Ask any Atlantan what inner city street most often leads to suicidal thoughts and you will undoubtedly hear the words Howell Mill. This treacherous strip that takes drivers from the edge of downtown to the West Side is fraught with narrow space, fickle traffic lights, and general peril. Howell Mill exists to trap drivers like you and me in endless, bumper to bumper traffic behind the the drivers with a “God Hates Fags” bumper sticker next to the one that says, “Smile! Jesus loves you!”
Howell Mill is Atlantan for “Agony.”
On a chilly evening in September, I experienced agony as hundreds of cars slowly made their way past the spot where my car lay, nearly beaten to death, in a pawn shop parking lot. The set of flashing blue lights coaxed passing traffic to slow down and get a closer look at the scene. As I stood by the wreckage, I had no choice but to meet each inquisitive gaze as I held tight to my drivers license, insurance card, and full bodied rat suit complete with foam helmet.
I have only ever engaged in two relationships that resulted from my stint in online dating. My first experience with a semi-pro Dance Dance Revolution competitor should have taught me my lesson, but masochism and amusement ran hand in hand and I occasionally continued to subject myself to OkCupid.com’s finest. Each one seemed more hilariously bizarre than the next - until I met Topher, a rather normal pre-med student.
It was pleasant for a little while. He lived in Atlanta, making it convenient to live a separate life from my weekday routine at school. After five days packed with day classes and evening rehearsals, I would drive an hour into the city and stay at Topher’s house while I worked my job at the soda museum on the weekends. In the evenings we would make dinner and I would write more of my thesis, a one woman show due to be performed in the spring.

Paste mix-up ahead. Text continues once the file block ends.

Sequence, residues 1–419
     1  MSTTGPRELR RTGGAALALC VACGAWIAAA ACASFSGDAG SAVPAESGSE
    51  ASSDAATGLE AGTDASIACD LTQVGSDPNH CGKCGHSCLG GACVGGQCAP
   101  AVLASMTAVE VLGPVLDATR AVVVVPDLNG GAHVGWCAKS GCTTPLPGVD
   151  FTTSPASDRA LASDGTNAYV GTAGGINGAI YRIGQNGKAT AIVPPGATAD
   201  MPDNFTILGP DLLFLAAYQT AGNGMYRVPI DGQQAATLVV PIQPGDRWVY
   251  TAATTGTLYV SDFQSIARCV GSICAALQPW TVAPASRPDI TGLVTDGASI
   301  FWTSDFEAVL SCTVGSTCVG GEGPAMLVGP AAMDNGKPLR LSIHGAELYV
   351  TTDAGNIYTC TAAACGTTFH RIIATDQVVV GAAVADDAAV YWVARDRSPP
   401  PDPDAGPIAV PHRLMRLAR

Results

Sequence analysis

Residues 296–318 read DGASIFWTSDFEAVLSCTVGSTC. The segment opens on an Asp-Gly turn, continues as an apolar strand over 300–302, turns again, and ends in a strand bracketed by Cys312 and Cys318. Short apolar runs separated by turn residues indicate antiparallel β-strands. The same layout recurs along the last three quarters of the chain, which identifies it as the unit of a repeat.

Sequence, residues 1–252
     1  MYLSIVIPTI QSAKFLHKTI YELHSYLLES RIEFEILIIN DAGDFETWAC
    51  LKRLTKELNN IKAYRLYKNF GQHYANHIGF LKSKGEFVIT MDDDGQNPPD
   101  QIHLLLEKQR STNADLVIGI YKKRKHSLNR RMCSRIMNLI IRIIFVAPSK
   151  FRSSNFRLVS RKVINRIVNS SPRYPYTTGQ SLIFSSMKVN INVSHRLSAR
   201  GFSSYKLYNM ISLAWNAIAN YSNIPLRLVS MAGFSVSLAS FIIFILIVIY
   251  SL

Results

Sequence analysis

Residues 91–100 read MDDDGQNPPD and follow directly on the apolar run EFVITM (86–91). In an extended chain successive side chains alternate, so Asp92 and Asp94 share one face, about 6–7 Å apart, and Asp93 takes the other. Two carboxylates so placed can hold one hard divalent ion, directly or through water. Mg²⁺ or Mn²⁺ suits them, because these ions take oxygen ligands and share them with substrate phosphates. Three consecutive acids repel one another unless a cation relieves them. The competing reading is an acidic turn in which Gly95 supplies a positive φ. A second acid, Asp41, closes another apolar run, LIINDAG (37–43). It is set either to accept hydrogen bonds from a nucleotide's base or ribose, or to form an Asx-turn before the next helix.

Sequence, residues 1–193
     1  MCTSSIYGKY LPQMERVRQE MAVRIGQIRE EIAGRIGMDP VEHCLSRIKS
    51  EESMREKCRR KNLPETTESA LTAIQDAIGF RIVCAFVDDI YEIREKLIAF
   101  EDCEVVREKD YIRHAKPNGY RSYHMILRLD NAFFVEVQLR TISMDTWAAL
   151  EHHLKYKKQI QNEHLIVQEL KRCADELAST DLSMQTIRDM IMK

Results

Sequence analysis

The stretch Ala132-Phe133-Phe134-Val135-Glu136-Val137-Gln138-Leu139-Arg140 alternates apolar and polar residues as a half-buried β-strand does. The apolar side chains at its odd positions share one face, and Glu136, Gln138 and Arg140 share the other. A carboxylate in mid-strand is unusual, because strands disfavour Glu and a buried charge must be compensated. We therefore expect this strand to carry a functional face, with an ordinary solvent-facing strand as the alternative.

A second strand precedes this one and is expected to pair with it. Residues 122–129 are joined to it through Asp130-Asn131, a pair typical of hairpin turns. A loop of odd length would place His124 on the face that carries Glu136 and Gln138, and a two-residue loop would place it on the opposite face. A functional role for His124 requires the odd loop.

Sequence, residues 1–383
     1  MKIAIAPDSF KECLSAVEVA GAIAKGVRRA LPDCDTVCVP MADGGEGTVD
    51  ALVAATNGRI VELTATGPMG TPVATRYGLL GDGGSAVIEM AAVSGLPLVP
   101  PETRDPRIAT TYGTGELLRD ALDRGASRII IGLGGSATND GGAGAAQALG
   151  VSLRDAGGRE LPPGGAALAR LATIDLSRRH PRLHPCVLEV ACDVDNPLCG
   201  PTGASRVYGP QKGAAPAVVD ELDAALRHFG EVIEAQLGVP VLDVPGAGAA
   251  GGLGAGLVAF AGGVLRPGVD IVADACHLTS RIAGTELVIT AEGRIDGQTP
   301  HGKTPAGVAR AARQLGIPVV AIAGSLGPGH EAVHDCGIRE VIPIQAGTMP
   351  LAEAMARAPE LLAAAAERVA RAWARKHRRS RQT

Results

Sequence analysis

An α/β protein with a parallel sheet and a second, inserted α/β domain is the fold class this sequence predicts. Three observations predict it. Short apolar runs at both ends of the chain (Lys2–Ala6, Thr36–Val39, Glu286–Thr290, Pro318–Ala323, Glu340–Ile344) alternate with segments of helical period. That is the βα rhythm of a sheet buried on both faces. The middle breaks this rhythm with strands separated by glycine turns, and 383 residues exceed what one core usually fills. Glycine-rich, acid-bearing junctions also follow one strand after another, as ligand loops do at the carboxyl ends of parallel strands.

Pleasant though it may have been, it was also doomed from the beginning. I carelessly and casually tossed in the phrase, “I love you,” a month in and he met my parents shortly after.
“I can love people and not be in love with them,” I said to him one night, “and just because someone met my parents, what was the big deal? Everyone meets my parents.”
Further complications resulted his ongoing struggle with depression, the fact that we had little in common other than a mutual love of drinking the whole pot of coffee, and lack of any real sexual chemistry. Realizing that I was doing more harm than good by staying, I began to look for a way to make as graceful of an exit as possible.
That is, until the accident.
We had stopped at the intersection of Howell Mill and a neighborhood street. Rush Hour traffic clogged both lanes, prompting periods of stagnation intermixed with random spurts of green light and drivers stepping on the gas to see how many cars could make it through the shrinking gateway to freedom. All of this chaos - and I needed to make a left turn.
“Why didn’t you just go to the light?” Topher asked, annoyed.
“I don’t know,” I replied, "I just didn’t."
“You’re never going to make it,” he said quietly.
“You don’t know that,” I replied, feverishly shifting glances from left to right.
“I do know that.”
“God! Why is this so difficult? Can’t these people see that I need to make a left turn?”
“You just keep a look on the side and I’ll tell you when it’s clear over here.
“No, I’ve been there and done that before. It ended with my car getting t-boned by the Honey Wagon man.”
“The septic tank cleaner.”
“He called his truck the honey wagon?”
I couldn’t back up; there was already another car behind me.
They honked their horn.
“Jas, you need to go,” Topher said.
“I need a better opening!” I replied, annoyed.
I looked to my right.
“Ok, no one’s coming from that side, what about -”
“Jas. No one is coming! Just go!”
“But what about -”
“There is no one coming; I can see; GO!”
Startled, I put my foot down on the gas and turned left into oncoming traffic.
I suddenly felt the heavy impact of a fully loaded mini-van.
End Part I.
Please return for Part II - where I have to face the Atlanta Police Department and explain to them why a full bodied rat suit is in the trunk of my car.